Stravinsky’s music!) for The Rite of Spring, expressing a cultural perception of “The Primitive” rather than
a historical reflection of it.
35 The quotation from Shakespeare’s Midsummer’s Night Dream, Act V, when Bottom asks Theseus: “Will
it please you to see the epilogue, or to hear a Bergomask dance between two of our company?” is given by
virtually every study of the Bergamasca.
36 Gaspare Ungarelli, Le vecchie danze italiane ancora in uso nella provincia bolognese (Rome: Arnaldo
Forni, 1894), 30.
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Esti Sheinberg- In Praise of the Politically Incorrect: the Bergamasca
is a topical invention satirizing the perception of the Bergamaschi, a kinetic reference to
the cultural unit of The Dancing Peasant.37
Alessandra Mignatti cites Castoldi’s study of Bergamo, where the location is referred
to within “a sort of mental geography of the fantastic (…) a region similar to a mythical
Orient, extraordinarily remote.”38 It might be reasonable, therefore, to seek the roots of
the Bergamasca not in rural folk traditions but rather in the cultural perceptions of
Bergamo and its people by their contemporary urban society, perceptions that affected
fifteenth- and sixteenth-centuries’ descriptions and references in poetry, theater, and
The Bergamasca: A Musical Topic of Simplicity
The same approach applies to music: the musical Bergamasca is here interpreted as a
musical topic based on a cultural perception rather than on real folk tradition. The idea
is not new. Raymond Monelle developed it in his analysis of three musical topics. His
work proves that a musical topic can—and does—develop from ideas presented in
literary and art sources: “A musical topic needs never to have existed. It needs to exist as
a cultural unit.”40 The musical Bergamasca, as it appears in the music of Frescobaldi and,
later, J.S. Bach, more than two hundred years after the great facchini migration from
Bergamo to Venice, is observed here, therefore, as resulting from an imaginary
construction that correlates with a specific cultural perception. The “music of the
peasant” is supposed to be simple, symmetrical, and repetitive. Such a construct clearly
contradicts the aesthetic ideal of high Renaissance music, which aimed at inspiration,
inventiveness, and refinement, and was expressed through sophisticated instrumental
forms, such as the Ricercare or the Fantasia. These highly ornamented, free-form
compositions, exercise a hypnotizing effect on the willing human ear, just like the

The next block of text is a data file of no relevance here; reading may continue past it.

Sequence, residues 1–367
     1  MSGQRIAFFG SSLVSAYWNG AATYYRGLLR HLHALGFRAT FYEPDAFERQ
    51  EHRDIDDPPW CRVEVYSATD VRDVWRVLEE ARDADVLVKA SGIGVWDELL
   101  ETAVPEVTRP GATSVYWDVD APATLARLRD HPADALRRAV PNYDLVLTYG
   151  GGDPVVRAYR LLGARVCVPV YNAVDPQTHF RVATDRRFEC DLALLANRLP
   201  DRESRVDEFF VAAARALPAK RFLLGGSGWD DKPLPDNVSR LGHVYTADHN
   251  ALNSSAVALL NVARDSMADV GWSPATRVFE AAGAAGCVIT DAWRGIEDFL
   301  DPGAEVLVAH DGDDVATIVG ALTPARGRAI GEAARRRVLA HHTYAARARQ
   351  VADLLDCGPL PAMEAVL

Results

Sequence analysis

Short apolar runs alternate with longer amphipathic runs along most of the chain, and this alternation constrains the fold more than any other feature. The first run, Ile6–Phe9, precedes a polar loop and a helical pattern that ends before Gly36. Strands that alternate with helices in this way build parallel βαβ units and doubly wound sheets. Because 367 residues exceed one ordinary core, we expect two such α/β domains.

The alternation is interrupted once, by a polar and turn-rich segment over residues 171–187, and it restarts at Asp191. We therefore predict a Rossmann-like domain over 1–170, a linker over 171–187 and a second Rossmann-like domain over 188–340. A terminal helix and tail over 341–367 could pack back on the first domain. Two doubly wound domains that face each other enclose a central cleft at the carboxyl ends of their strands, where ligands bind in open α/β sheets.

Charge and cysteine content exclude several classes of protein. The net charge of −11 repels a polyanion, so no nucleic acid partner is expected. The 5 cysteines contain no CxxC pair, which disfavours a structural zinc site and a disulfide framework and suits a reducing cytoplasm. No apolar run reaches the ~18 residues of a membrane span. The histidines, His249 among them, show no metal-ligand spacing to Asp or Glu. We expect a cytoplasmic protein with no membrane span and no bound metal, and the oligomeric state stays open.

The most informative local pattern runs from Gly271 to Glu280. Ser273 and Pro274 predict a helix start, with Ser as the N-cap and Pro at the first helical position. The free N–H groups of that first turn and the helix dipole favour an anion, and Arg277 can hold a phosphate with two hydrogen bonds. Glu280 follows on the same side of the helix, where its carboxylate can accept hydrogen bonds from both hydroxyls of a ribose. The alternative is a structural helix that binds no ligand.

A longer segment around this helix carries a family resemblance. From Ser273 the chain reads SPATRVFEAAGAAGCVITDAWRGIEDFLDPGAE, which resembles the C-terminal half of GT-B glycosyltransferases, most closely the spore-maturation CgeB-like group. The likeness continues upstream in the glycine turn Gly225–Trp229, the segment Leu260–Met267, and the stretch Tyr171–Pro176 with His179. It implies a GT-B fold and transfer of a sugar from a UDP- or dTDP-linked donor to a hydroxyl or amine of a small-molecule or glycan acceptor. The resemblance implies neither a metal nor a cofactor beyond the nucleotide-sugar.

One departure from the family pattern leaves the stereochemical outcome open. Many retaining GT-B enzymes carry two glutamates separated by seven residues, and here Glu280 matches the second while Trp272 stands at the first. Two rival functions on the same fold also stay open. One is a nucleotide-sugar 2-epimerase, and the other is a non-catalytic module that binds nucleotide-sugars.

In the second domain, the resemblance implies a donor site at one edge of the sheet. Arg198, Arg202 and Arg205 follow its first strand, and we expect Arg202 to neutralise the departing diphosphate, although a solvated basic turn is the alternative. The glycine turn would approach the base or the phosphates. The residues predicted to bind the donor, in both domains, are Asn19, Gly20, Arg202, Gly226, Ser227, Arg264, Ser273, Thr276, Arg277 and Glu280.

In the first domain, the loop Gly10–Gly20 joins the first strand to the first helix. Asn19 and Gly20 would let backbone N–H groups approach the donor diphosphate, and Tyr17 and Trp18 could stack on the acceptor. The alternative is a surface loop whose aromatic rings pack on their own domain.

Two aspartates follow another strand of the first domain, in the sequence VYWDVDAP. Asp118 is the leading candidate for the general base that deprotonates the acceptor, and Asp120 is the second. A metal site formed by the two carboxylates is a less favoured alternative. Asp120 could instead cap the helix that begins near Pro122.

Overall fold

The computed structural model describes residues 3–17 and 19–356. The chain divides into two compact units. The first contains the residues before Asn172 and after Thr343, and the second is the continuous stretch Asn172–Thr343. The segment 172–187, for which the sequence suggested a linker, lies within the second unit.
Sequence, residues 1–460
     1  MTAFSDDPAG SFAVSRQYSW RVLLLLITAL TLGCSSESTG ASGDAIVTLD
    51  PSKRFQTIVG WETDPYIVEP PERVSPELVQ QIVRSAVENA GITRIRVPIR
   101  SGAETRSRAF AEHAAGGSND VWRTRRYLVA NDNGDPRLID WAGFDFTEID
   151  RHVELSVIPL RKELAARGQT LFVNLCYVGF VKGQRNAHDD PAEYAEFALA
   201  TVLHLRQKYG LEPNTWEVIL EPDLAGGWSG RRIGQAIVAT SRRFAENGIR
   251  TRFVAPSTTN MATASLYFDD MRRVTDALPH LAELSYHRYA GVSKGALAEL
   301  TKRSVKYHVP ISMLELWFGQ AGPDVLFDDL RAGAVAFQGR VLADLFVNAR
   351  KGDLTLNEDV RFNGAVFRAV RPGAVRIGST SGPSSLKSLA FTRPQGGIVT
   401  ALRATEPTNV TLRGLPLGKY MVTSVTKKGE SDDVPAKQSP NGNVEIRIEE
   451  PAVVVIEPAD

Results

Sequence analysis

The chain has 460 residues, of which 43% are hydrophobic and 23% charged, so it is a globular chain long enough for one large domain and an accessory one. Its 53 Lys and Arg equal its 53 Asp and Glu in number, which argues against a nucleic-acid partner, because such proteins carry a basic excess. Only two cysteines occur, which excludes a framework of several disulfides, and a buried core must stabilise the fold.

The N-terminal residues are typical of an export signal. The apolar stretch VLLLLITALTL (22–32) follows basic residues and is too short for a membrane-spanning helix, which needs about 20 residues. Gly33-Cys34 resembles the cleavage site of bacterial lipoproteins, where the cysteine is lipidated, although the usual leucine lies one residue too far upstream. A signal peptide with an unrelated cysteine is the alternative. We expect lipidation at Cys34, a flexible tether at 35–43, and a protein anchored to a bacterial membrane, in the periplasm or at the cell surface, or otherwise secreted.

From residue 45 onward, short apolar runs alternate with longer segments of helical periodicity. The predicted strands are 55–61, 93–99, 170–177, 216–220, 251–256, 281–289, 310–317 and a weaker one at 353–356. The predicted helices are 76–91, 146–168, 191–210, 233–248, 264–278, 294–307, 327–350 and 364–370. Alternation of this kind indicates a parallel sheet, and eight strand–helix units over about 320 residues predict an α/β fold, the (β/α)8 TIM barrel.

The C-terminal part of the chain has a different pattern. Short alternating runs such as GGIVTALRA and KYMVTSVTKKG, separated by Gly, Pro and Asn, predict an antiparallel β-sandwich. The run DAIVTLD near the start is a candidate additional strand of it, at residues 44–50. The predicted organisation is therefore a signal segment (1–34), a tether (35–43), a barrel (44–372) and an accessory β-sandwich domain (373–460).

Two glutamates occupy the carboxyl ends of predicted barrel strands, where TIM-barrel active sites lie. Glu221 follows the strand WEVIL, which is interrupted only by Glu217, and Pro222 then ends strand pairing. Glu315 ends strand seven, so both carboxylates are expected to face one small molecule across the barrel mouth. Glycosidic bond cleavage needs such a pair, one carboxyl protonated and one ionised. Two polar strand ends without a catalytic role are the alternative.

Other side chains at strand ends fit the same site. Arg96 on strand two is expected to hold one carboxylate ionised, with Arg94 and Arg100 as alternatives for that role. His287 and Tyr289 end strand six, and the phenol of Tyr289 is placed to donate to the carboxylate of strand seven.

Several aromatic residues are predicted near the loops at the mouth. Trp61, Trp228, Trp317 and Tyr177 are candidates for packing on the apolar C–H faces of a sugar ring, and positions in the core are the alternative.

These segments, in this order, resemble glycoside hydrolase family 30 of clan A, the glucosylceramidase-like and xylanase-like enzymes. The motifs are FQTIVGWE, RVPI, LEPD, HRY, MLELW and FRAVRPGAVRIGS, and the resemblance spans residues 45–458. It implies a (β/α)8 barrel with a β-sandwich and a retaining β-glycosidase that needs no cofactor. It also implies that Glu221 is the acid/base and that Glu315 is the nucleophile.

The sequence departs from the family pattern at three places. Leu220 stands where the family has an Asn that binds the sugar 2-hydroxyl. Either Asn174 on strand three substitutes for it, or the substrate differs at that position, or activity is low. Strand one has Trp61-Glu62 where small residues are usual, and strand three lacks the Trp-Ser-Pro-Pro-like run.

mesmerizing power that a moving light-dot has on a cat. Richard Taruskin quotes a 1555
source that describes such a state of rapturous listening to the lutenist Francesco da
Milano, who played “with such ravishing skill” until his hearers “remained deprived of
all senses save that of hearing, as if the spirit, having abandoned all the seats of the
senses, had retired to the ears,” and were left with “as much astonishment … as if we had
37 This kind of topic appears frequently in art (e.g. Breughel’s feasts) and also throughout history
(Schumann’s Fröhlicher Landmann, Bach’s Bauern Kantate, Haydn’s Minuets, Beethoven’s dances, to
mention just a few).
38 Alberto Castoldi, L’altra Bergamo (Bergamo: Lubrina, 1997), 46, quoted in Alessandra Mignatti, La
maschera e il viaggio: sull’origine dello Zanni (Bergamo, Moretti & Vitali, 2007), 184 (“…una sorta di
geografia mentale del fantastic (…) una regione assimilata ad un Oriente mitico e straordinariamente
39 An excellent survey and analysis of a similar socio-cultural process is described in Marina Ritzarev’s
“Between the Field and the Salon,” in Music Semiotics: A Network of Significations—in Honour and
Memory of Raymond Monelle, ed. Esti Sheinberg (Ashgate, 2012), 35-46.
40 Raymond Monelle, The Musical Topic: Hunt, Military and Pastoral (Bloomington: Indiana University
Press, 2006). See, for example, his discussions of Monteverdi’s madrigals (135 ff.), his Orfeo (220 ff.), and
Michael Praetorius’s Syntagma Musicum (209 ff.).
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Esti Sheinberg- In Praise of the Politically Incorrect: the Bergamasca
been elevated by an ecstatic transport of some divine frenzy.”41 Such a description
represents an aesthetic ideal that is strongly tied to an aural experience that cannot be
based on simple or repetitious patterns.
Within such a cultural context, the musical topic of the Bergamasca might have served
as an index to the opposite kind of music, that of the rural, folk, simplistic lowbrow
peasantry of the Italian Renaissance. The first musical Bergamasche, then, would not be
folk dances but rather musical satires on an imaginary entity rooted in a social
If this assumption is correct, there should be a clear difference between the earliest
pieces called “Bergamasca” (or alla Bergamasca) and other contemporary compositions.
A tentative inspection of the earliest known composition bearing such a title, the
“Saltarello dito il Bergamasco” in Gorzanis’s Il Terzo Libro de Intabolatura di Liuto,
presents interesting facts.42 While there is no resemblance whatsoever to the familiar,
simple Bergamasca tune of the late seventeenth century, the transcription of this
“Bergamasco” shows a structure significantly different from that of other works in the
same collection. Most of these lute tablaturas show remarkable inventiveness: although
the general structure is, usually, of variations, hardly any bar is repeated literally. A good
example for this kind of composition is, for example, the first composition: “Pass e
mezzo antico.” This work, in six movements, is a miracle of musical variety. Its two
movements transcribed here (Figures 1a and 1b), show no repetition, in spite of being
structured over a quite simple four-bar melo-harmonic scheme.
Figure 1a Giacomo Gorzanis,
“Pass e mezzo antico: primo”
from Il Terzo Libro de
Intabolatura di Liuto (1564)
41 Richard Taruskin, The Oxford History of Western Music, Vol. 1: Music from the Earliest Notations to the
Sixteenth Century (Oxford, Oxford University Press, 2005; rep. 2010), 626.
42 Giacomo Gorzanis, Il Terzo Libro de Intabolatura di Liuto (Venice: Antonio Gardano, 1564), No. 12.